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Fashion's Digital Masters: Pages Online

If print really is dead, then Pages Online is fashion’s reincarnation. It is the webzine for people who love magazines, and clicking through its pages of some of the most creatively liberated fashion editorial in the country makes the longing for the scent of paper subside a little. Created more than six years ago, Pages was a vision well before online became the norm, and it set the benchmark for every fashion publication attempting to compete in the digital domain. Showcasing high fashion at its most desired, Pages Online has proved that expensive taste has no viewing boundaries.

Side Street sat down with Pages’ market editor, Lucinda Constable, to find out a little more about the shoes behind the mag.

How did Pages Online begin?

Pages Online began from a desire by our Managing Director, Marnie Neck, to create something new and innovative in the realm of fashion and music. Something a bit different to the norm in publishing.


When was it created?

Pages Online was launched in January 2004, however in 2008 Pagesdigital was established to cater to the company’s growth and its expanding magazine titles.

Why was it started?

It was started as an online publication in order to fully utilise the wonders of the internet. At the time, the notion of an online magazine was extremely rare, and practically non existent in Australia. The format of virtual page turning was new and exciting to the viewer. The possibilities were endless.


Putting it down to words, what would you say is the vision for the magazine?

With each and every issue we try to be innovative and fashion forward, showcasing a range of national and international designers. Whilst it is primarily fashion focused, we try to appeal to a wider audience by including art, photography, music etc. We also like to encourage our readers to contribute their work across these mediums. We really just want to talk about everything new, great and fun that’s happening all over the world

How do you ensure it stands above the rest?

The online factor is a huge benefit to us. It allows the magazine and the reader to become very interactive, with click through links all throughout the features for further information. This also allows for direct links to buying the products featured, which is very handy (or dangerous!). We pride ourselves on finding the newest of new up and comers, and doing a lot of research into such things.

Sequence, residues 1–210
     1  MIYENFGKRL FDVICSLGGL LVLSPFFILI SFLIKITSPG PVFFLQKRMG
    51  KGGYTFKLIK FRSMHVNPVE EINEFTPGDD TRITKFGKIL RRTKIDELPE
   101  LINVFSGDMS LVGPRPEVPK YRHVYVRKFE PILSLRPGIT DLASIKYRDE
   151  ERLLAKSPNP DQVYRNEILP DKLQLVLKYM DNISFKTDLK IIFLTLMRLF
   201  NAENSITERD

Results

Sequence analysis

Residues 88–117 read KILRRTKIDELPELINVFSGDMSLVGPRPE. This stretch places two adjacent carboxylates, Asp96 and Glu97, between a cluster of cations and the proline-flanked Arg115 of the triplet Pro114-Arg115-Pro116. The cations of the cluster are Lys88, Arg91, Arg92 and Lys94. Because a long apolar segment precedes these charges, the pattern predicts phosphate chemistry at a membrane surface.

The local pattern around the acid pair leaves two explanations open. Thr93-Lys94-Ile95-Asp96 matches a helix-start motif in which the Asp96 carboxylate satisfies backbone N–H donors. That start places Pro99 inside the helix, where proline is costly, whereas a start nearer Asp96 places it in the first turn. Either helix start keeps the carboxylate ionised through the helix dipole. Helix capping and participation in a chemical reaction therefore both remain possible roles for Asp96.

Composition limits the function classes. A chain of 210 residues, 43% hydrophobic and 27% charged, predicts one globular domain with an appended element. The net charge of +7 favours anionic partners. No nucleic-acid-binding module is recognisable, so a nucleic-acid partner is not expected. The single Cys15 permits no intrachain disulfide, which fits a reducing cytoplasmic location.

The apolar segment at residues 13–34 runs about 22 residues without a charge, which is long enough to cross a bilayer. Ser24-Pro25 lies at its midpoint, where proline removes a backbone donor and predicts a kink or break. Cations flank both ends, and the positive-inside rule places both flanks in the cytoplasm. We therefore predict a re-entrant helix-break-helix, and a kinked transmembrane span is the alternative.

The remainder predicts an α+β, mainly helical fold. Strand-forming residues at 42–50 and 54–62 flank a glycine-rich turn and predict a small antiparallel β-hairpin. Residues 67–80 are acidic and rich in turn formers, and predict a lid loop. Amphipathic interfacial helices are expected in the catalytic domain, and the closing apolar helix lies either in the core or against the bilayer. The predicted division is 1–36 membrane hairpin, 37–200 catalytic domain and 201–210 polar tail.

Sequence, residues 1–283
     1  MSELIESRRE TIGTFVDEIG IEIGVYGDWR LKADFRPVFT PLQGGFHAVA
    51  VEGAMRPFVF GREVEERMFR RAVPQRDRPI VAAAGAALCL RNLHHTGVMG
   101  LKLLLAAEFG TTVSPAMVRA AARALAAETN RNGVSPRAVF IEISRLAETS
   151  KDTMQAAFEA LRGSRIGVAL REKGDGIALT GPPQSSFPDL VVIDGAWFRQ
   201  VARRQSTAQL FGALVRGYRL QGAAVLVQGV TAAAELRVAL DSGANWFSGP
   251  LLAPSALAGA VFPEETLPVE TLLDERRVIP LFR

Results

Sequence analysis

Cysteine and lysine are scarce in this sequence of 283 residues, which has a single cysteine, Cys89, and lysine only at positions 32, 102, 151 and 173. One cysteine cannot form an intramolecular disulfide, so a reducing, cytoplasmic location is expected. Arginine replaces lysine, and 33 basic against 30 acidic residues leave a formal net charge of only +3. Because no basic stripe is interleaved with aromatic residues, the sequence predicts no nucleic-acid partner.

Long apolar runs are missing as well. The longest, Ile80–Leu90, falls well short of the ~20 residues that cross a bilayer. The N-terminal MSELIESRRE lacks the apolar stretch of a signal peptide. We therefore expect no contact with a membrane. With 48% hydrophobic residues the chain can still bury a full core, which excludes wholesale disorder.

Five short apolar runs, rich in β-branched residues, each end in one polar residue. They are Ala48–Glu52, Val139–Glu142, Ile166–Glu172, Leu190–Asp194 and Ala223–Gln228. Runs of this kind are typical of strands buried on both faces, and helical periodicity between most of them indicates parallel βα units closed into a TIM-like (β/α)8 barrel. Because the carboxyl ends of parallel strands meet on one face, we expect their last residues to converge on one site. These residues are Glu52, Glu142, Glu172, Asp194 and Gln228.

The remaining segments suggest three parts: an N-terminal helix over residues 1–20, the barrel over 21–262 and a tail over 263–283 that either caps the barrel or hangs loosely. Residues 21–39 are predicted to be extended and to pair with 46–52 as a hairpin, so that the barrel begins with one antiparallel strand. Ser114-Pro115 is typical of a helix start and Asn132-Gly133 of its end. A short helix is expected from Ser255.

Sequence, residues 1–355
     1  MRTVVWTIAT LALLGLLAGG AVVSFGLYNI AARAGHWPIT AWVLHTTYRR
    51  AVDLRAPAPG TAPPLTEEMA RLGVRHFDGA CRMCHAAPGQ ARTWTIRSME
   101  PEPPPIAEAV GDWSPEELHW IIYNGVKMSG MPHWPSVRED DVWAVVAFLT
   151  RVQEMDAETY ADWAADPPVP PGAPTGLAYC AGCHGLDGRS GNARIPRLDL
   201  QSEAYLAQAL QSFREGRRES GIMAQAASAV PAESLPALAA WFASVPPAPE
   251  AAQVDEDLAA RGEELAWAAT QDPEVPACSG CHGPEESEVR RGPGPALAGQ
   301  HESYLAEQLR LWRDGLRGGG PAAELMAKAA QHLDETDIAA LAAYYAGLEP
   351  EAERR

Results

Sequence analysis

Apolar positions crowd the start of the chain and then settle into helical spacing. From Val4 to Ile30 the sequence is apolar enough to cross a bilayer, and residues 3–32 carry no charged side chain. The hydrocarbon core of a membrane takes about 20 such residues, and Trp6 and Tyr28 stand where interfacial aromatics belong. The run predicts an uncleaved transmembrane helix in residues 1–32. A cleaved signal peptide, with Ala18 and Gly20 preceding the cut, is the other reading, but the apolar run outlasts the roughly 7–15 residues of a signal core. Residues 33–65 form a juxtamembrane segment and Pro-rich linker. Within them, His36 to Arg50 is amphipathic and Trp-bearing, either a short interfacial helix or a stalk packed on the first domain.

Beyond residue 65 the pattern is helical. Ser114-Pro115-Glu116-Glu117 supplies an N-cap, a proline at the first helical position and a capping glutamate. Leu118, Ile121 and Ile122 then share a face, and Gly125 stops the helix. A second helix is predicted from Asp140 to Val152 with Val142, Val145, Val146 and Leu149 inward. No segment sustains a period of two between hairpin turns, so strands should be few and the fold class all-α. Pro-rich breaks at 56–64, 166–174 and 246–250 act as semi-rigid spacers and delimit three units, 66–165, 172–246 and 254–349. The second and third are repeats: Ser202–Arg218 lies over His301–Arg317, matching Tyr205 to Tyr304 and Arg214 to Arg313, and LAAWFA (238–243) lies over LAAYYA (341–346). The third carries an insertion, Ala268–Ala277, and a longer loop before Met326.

What are both of your backgrounds in the industry (and how did you break into it?)?

Ryan studied fashion design at UTS and then progressed into the buying side of things. He started off at Robbie Ingham, and then moved on to the Belinda group. Ryan wanted to try the whole styling thing so moved into that area for Summer Winter. The rest as they say, is history. I also studied fashion design, at East Sydney TAFE, completing work experience at sooo many places, including Cosmopolitan, Akira, Fashion Assassin and Romance Was Born. After graduation I took a hiatus to Paris to figure out what I wanted to do with my life. Styling won, and I started assisting some great Sydney stylists. After starting at Pages, journalism is becoming more of a focus.

What are you both influenced by?

Ryan is influenced by bad taste, Miuccia Prada and food. I am also influenced by food, and it occupies a lot of our time. Planning, doing, reflecting. You know. But seriously, we both like to see new and innovative things happening in the fashion world, and get inspired by amazing shoes (Ryan a kitten heel, Me a huge pump), capes and stupid headwear.


What is the most difficult part about being on a magazine?

Hmmm I guess all the usual stuff applies… deadlines, heavy work load, research, research, research! There is always a new and exciting story to be uncovered and the months just revolve so quickly!

What have been some of the most memorable moments on the job?

We have a lot of fun in the office, constantly finding hilarious things on the internet, going on numerous press showings, eating, planning shoots. All part of a days work! It’s important to be able to share a good laugh with your colleagues. Trips to Bourke Street Bakery and the ‘dropped pie incident of 2009’ have been highlights for sure. Ha! In all honesty, it’s great to see all your hard work evolving into something you are proud of, and being broadcast to thousands of people.


Where do you see Pages Online evolving in the future?

Well with the ever expanding possibilities of online media, who knows! It would be great to see more magazine titles in diversified fields, and perhaps even different editions in different countries. Imagine Pages in French!

www.pagesdigital.com


words: Seema Duggal (and Lucinda Constable)

1 comments:

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